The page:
Working with the Poor: Dead End Ahead

“They won’t respond to us.  We’ve reached out but they are not interested in reconciliation. They want the relationship to end.”

Melissa, Jonathan and Noella were shocked.  This is not what they expected.  After all, they had poured into the lives of the two students who had attended their Jobs for Life class. 

They had begun the class last September with two students, refugees who had dropped out of school at the age of 13, living isolated in public housing on $270/month, and struggling with anger, bitterness, confidence and a lack of self-worth.

But the class gave them hope.  One dreamed of becoming a makeup artist, the other wanted to get further training in computers.  During the class, they literally could not read Psalm139 out loud without laughing because it was so foreign for them to grasp anyone would care for and value them.   

They not only read about it, they experienced it firsthand.  Melissa, Jonathan and Noella gave their lives to the students, opened doors for them in the community to pursue work opportunities, and were present when critical needs came up.

Graduation was a celebration with an elaborate feast.  Friends came and celebrated with the students the awarding of their diplomas.  Everyone was filled with joy and satisfaction.


After graduation, the team’s efforts to connect with the students were met with rejection.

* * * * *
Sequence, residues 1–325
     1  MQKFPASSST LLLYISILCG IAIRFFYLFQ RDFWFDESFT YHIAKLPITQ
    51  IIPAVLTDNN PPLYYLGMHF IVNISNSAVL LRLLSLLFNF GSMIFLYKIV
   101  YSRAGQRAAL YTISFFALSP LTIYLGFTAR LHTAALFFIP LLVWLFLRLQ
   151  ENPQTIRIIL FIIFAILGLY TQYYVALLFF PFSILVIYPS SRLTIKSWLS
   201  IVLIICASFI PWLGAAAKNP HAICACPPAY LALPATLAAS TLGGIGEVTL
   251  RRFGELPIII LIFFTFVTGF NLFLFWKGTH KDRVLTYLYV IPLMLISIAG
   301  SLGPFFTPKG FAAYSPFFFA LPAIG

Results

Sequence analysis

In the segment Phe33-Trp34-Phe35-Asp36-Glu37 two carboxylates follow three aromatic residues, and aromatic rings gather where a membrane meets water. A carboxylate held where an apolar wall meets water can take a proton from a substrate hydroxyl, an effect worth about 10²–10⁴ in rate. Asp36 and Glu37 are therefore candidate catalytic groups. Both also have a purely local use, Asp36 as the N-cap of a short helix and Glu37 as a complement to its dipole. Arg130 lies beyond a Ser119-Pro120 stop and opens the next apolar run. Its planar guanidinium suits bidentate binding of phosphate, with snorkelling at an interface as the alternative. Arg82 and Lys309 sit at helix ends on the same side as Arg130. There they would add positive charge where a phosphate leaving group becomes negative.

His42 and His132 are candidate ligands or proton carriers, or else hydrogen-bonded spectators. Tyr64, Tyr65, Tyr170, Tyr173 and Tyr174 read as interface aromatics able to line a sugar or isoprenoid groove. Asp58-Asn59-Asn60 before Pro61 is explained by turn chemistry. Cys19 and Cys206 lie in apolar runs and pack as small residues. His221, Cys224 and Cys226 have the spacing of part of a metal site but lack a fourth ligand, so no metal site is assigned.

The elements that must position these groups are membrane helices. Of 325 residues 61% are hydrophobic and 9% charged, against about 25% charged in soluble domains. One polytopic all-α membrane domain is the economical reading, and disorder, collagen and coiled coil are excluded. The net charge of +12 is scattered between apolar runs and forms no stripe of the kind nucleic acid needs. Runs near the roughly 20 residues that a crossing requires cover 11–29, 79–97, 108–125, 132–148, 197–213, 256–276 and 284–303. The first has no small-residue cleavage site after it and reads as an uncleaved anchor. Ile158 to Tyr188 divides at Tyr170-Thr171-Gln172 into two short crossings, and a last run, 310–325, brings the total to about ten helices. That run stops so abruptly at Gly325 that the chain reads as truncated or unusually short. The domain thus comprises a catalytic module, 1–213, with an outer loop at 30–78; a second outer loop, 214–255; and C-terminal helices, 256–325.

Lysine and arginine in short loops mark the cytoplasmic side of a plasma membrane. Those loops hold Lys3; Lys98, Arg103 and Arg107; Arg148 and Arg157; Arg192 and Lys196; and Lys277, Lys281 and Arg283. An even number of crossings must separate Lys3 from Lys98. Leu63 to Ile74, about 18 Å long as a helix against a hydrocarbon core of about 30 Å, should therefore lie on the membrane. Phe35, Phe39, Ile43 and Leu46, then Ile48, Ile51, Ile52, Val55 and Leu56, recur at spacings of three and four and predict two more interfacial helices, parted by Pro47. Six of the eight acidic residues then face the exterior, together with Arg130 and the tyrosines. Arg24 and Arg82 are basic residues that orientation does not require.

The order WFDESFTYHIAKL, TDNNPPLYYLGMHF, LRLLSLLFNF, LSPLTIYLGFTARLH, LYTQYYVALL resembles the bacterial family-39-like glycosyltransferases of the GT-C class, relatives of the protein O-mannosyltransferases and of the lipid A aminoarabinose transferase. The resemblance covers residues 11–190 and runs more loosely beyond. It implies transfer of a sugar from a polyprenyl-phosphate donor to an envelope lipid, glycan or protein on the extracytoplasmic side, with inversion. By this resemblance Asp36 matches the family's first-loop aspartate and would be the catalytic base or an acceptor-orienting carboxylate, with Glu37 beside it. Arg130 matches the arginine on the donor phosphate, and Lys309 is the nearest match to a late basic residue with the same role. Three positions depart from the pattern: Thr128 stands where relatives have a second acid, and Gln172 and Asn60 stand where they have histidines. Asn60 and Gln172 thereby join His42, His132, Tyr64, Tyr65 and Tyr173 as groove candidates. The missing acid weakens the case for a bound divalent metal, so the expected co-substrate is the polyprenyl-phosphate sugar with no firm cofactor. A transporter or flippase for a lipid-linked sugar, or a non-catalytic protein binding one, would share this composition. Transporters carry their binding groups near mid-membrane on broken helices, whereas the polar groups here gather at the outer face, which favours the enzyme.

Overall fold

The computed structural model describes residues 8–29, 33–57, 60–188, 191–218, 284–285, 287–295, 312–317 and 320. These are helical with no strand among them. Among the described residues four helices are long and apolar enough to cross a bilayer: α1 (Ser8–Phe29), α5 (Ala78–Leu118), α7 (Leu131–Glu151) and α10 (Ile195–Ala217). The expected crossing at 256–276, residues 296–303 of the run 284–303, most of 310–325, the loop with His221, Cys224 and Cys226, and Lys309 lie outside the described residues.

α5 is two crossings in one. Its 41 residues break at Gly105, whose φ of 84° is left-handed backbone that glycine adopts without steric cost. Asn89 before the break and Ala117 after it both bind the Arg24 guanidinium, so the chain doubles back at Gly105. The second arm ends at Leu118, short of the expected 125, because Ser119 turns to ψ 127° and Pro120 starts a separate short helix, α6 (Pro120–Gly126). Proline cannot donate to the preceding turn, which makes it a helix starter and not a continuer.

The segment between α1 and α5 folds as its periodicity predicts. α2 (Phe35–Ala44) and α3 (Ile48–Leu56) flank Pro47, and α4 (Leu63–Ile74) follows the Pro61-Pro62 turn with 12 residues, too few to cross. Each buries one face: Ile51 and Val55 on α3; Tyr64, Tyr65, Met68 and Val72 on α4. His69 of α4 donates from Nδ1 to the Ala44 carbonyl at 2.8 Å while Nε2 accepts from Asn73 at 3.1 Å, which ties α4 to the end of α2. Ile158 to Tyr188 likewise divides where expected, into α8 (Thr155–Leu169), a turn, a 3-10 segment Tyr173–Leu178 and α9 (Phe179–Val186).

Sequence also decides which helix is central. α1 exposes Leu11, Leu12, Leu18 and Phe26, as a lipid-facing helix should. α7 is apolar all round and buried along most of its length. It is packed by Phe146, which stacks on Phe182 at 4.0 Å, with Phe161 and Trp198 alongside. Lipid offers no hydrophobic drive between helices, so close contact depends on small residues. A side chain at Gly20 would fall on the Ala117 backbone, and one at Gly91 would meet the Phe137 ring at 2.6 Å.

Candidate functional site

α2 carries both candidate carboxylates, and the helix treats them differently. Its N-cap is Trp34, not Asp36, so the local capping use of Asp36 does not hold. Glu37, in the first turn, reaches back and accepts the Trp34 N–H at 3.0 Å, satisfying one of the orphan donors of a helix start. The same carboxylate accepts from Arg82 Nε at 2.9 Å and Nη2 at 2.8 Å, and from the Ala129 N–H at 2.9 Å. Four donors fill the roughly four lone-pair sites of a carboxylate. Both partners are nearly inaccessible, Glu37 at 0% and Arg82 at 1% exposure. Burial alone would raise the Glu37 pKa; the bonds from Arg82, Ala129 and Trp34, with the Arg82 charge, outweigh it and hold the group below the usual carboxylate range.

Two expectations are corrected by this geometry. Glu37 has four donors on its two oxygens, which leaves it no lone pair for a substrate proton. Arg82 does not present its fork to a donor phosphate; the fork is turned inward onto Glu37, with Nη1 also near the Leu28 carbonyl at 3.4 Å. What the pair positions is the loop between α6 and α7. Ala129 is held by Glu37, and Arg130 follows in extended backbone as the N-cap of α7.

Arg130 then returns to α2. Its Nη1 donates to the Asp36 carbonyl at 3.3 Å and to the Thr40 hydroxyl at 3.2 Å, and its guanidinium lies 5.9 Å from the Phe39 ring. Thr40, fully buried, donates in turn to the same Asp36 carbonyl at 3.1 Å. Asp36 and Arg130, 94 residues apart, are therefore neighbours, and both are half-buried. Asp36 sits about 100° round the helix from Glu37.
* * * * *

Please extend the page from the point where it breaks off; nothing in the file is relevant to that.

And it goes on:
“We’d go to their home and knock on the door but they wouldn’t answer.  We later found out they were angry with us.”

“What did we do wrong? Why in the world would they be angry?”

ImageOn the front cover of the Jobs for Life class materials, it reads, “The Journey is the Reward.”  But what if the journey leads to a Dead End? 

In 2 Corinthians 5:14-16, the apostle Paul writes,

“For Christ’s love compels us, because we are convinced that one died for all, and therefore all died. And he died for all, that those who live should no longer live for themselves but for him who died for them and was raised again. So from now on we regard no one from a worldly point of view. Though we once regarded Christ in this way, we do so no longer.” 2 Corinthians 5:14-16

Having given themselves for years to those in need, Melissa, Jonathan and Noella’s trust in Christ compelled them to see the students no longer from a worldly point of view.

Melissa recounts,

“The problems students come with go so much deeper than economic need, and all told, the amount of time we spend with them is hardly sufficient to help them heal those wounds. We hope to begin to help them down that road, but we ought not be surprised if we catch less than friendly fire in the process.  We realize their reaction comes out of their brokenness, that is to say, it comes ultimately out of a poverty we have in common with them. So, we are moving forward.”

They are now in Week 5 of their second Jobs for Life class with three new students.  Thankfully, the journey didn’t lead to a Dead End after all.  

David Spickard, President & CEO


I Struggled to Believe that God Loved Me…

With Valentine’s Day approaching, everyone is looking to how they can share their love for one another.  On this day, love will be shared in every form.  Flowers will be delivered, chocolates will be indulged, and candlelight dinner conversations will be had.   However, at the end of the day, none of these things will last.